Genevieve Santillanes, Edore Onigu-Otite, Veronica Tucci and Nidal Moukaddam* Pages 159 - 165 ( 7 )
Background & Aims: The past few years have seen an increase in the number of children and adolescents presenting to emergency departments with mental health complaints, including, but not limited to, depression, suicidality, and substance use-related conditions. This places many demands on the emergency physicians ranging from evaluating medical stability (also known as medical clearance) to arranging for psychiatric are, be it inpatient or outpatient. The goals of this article are to describe the current landscape of emergency care for the pediatric patient presenting with mental health issues and to highlight gaps in the current system.Methods: We review the literature on the epidemiology of mental health emergency visits and guidelines for the medical clearance of pediatric and adolescent patients. Results: The needs of young patients with mental health difficulties exceed the resources available in emergency care. Linkage to outpatient care is often inadequate and may be reinforcing and perpetuating the current mental health crisis witnessed country-wide in the US. Guidelines are lacking to standardize care in the ED, but there is a consensus that extensive routine laboratory testing is unnecessary. Conclusion: Evaluation of physical stability, known as medical clearance, is a process best customized to every patient’s individual needs. However, requirements of admitting psychiatric inpatient facilities may conflict with recommendations of ancillary testing.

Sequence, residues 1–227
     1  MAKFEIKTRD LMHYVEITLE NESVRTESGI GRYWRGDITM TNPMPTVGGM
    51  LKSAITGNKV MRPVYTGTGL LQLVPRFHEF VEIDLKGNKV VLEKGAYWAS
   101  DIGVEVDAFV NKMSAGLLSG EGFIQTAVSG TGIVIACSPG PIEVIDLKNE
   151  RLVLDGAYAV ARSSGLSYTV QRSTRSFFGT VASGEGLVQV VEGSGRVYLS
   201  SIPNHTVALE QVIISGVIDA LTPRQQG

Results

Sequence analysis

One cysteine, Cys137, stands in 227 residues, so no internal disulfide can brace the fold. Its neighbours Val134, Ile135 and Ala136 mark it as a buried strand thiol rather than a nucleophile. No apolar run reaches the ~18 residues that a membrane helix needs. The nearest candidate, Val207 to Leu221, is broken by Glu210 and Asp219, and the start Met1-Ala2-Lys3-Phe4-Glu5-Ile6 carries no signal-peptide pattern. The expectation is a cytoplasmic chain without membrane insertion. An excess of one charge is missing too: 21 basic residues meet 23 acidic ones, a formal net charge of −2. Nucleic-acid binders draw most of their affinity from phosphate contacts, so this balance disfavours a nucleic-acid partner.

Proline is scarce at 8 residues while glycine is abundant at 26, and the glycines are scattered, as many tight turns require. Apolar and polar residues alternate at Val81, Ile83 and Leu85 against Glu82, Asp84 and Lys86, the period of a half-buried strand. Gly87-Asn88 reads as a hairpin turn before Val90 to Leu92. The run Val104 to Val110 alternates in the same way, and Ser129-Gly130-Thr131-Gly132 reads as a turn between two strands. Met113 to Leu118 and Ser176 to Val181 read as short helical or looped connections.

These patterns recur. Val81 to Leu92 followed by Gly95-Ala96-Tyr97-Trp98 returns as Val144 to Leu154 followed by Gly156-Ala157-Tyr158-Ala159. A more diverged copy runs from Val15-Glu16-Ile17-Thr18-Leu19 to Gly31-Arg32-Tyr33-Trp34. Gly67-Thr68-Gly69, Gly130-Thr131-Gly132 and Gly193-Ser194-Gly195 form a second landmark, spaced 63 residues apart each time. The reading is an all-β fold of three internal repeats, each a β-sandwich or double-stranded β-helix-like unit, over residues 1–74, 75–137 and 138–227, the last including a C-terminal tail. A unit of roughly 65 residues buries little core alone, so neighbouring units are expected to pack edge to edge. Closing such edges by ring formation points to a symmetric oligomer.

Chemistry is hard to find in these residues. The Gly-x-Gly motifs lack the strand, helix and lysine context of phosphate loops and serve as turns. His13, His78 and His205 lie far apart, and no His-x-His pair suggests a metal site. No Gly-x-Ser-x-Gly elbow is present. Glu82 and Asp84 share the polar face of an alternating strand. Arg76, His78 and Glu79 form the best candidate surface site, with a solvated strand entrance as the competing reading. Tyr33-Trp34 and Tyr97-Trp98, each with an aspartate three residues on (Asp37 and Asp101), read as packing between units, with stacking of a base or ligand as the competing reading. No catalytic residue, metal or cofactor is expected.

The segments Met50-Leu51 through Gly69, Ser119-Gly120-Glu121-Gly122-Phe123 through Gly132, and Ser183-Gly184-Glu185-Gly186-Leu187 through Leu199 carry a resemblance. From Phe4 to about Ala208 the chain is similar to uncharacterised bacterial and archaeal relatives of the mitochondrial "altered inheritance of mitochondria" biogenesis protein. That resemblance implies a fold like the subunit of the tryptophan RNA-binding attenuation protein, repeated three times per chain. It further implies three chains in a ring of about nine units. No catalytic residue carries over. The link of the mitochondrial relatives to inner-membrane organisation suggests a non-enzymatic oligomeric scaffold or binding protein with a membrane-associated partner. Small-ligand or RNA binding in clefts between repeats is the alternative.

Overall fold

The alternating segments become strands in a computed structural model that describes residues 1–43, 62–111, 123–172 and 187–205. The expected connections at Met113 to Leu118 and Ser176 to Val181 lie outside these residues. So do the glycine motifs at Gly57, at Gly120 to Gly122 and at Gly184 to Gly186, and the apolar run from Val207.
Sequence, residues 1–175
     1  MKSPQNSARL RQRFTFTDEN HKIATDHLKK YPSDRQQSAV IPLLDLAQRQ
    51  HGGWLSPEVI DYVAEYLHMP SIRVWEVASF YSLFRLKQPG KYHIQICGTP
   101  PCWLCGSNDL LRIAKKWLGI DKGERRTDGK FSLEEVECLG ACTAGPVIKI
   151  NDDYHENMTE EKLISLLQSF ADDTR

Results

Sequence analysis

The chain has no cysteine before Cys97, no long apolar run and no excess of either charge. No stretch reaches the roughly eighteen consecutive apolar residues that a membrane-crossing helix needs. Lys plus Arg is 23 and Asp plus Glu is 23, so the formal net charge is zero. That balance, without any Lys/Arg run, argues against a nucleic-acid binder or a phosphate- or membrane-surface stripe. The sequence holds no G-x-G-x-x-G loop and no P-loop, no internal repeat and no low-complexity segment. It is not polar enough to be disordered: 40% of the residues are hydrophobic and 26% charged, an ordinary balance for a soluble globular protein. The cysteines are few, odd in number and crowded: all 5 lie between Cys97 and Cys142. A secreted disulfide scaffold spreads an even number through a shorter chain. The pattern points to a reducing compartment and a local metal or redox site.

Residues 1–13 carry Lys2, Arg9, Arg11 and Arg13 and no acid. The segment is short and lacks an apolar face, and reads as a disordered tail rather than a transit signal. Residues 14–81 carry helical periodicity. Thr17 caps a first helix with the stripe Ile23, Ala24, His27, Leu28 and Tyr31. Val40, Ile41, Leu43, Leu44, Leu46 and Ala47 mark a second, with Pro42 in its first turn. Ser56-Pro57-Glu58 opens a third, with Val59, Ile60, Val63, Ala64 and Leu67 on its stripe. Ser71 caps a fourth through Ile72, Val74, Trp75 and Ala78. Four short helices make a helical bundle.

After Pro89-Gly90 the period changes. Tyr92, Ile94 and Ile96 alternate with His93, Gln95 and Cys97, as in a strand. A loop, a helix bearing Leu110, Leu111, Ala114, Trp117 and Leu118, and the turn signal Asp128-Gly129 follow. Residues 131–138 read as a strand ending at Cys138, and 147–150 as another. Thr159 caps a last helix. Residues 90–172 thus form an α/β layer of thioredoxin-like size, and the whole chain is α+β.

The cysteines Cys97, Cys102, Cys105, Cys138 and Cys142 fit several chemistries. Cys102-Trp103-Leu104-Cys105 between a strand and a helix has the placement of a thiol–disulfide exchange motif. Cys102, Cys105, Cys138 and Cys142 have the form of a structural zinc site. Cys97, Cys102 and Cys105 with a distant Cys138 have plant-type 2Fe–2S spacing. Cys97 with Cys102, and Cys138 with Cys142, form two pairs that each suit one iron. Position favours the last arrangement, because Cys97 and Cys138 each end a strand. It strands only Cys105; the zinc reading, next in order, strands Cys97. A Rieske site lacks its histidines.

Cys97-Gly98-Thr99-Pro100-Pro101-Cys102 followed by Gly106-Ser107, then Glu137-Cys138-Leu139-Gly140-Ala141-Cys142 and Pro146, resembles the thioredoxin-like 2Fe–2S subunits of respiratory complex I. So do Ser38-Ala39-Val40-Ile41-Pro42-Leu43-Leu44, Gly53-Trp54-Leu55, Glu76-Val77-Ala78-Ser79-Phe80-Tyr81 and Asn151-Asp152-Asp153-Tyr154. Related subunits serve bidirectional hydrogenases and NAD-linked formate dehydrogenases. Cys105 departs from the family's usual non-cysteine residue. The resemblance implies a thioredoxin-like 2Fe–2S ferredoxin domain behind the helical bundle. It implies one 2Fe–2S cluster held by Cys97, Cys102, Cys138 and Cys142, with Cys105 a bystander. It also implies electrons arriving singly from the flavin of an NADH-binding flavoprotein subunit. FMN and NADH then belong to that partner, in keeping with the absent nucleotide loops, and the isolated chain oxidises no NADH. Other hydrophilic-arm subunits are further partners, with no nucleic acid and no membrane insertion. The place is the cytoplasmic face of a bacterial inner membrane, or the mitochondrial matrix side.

Medical clearance, psychiatric patients, depression, suicidality, epidemiology, guidelines.
University of Southern California, Los Angeles, California, Baylor College of Medicine, Houston, Texas, HCA GME West Florida Consortium, Florida, Baylor College of Medicine, Houston, Texas